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A big unexpected expense like a doctor bill or car repair can put the squeeze on your budget. But if you’ve built up an emergency fund, then you’ve got these surprise bills covered.

You need an emergency fund. Here’s how to get started.

It happens to all of us eventually. A big expense that needs to be paid right now. Maybe your car or truck needs a new transmission, which can cost from $3,000 to $7,000. Need a root canal? That can cost $1,000 per tooth. If you don’t have the cash to pay these bills, you might consider paying with a credit card. But if you need to pay off that bill over time, you could end up paying a good deal in interest. This is where an emergency fund can be a big help.

What is an emergency fund?

An emergency fund is a bank account where you save up money to cover large, unexpected expenses. It takes a while to build up your emergency fund, so it’s smart to get started today. Although financial experts recommend saving three to six months’ salary, so you have money in case you lose your job or get injured and can’t work, any amount you’re able to save can help make paying unexpected bills easier.

Start saving

To start building your emergency fund, follow these steps:

  1. Open a savings or checking account that’s separate from the ones you usually use. This keeps your emergency fund dollars separate from the money you spend day to day.
  2. Set up automatic deductions from your paycheck that are deposited into your emergency fund account. Even if you only deduct $10 per weekly check, you’ll have saved $520 in a year. If you don’t have the choice of automatic deductions, take $10 out of your paycheck and immediately deposit it into your emergency fund.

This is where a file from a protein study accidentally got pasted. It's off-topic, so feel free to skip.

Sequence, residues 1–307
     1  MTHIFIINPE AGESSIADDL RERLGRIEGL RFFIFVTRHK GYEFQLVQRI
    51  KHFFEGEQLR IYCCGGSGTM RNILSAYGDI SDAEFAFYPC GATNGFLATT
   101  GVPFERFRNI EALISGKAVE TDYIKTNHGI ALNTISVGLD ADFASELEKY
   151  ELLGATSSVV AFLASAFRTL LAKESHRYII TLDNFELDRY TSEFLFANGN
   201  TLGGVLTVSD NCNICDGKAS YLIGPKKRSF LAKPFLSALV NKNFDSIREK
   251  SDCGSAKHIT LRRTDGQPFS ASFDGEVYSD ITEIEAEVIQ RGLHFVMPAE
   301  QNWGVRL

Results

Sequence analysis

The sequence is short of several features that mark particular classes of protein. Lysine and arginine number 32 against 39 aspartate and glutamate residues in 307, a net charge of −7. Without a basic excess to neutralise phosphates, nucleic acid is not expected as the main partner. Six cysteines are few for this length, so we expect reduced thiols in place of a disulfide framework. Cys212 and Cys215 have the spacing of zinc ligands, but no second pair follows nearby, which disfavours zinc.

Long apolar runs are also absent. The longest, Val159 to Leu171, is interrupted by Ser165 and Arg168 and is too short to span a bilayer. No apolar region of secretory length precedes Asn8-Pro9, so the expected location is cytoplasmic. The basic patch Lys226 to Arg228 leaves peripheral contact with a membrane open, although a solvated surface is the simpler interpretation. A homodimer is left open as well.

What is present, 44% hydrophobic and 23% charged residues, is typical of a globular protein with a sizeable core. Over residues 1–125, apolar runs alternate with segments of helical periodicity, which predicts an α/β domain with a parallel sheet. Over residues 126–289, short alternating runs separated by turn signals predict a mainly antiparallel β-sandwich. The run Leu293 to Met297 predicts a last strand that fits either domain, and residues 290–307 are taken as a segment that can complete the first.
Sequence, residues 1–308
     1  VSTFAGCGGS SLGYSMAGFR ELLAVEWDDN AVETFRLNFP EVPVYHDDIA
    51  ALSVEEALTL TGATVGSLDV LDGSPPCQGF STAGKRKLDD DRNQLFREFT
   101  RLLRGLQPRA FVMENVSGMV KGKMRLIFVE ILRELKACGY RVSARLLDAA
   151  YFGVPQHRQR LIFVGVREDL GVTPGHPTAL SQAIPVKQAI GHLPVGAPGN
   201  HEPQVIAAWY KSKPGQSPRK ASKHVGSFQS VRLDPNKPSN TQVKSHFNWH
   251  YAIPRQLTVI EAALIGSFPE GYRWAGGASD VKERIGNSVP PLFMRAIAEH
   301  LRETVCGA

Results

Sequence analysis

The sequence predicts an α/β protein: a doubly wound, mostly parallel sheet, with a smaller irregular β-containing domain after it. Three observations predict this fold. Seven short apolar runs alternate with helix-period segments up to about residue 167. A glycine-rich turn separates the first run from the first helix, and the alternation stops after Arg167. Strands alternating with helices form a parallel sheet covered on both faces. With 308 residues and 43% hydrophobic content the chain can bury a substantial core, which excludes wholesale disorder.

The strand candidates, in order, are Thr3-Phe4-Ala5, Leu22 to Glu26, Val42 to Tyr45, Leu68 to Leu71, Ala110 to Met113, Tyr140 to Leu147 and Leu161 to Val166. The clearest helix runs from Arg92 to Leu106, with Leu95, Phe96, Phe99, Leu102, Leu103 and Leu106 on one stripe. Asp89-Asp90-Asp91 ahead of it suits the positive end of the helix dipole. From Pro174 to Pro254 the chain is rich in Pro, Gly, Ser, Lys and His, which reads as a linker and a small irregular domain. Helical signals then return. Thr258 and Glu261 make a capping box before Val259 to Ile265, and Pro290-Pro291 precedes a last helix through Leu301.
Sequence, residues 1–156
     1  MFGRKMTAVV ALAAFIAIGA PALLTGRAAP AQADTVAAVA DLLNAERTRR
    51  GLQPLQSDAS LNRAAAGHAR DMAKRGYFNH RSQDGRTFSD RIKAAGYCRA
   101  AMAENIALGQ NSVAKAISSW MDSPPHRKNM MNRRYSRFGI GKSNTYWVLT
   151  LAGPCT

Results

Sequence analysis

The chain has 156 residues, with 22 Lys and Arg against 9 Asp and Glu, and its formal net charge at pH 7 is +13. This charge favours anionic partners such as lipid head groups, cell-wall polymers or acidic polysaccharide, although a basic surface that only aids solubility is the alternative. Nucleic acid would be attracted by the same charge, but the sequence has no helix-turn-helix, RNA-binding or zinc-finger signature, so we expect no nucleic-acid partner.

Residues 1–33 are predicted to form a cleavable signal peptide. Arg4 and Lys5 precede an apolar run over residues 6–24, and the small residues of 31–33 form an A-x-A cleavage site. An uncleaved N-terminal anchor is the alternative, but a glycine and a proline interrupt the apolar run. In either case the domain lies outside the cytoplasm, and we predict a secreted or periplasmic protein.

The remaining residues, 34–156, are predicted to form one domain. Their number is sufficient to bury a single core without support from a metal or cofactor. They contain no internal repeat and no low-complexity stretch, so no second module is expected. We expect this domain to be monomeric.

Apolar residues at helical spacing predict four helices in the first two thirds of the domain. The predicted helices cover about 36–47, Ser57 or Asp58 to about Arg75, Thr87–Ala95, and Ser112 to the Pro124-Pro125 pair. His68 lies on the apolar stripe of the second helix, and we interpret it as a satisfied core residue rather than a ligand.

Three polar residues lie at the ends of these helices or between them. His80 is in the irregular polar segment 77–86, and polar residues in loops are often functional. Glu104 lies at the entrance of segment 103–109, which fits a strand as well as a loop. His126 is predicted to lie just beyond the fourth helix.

3. Put your tax refund or bonus to work. If you get a tax refund or bonus, put at least half of the money into your emergency savings. According to the IRS, in 2015, the average refund was $3,200. Adding $1,600 to your emergency savings is a quick way to build your financial cushion.
  4. Cut your expenses and put the money you save into your emergency fund. Find a lower cost cell phone or Internet plan and bank the difference. Take the money you spend every week on take out and put it into your savings account instead. Raise the deductible on your car insurance and put away the money you save.
  5. Keep the change. All the quarters and nickels weighing down your pocket can add up to hundreds of dollars over the year. Collect them and put them into your savings. Another idea is to round up the cost of every purchase you make and put the difference into your savings. For example, if you spend $47.35, put $2.65 into savings. Some banks offer programs that do this automatically when you use your debit card.
  6. Pay yourself. When you pay off a debt like a loan or credit card bill, take the amount you were paying each month and deposit it into your savings.

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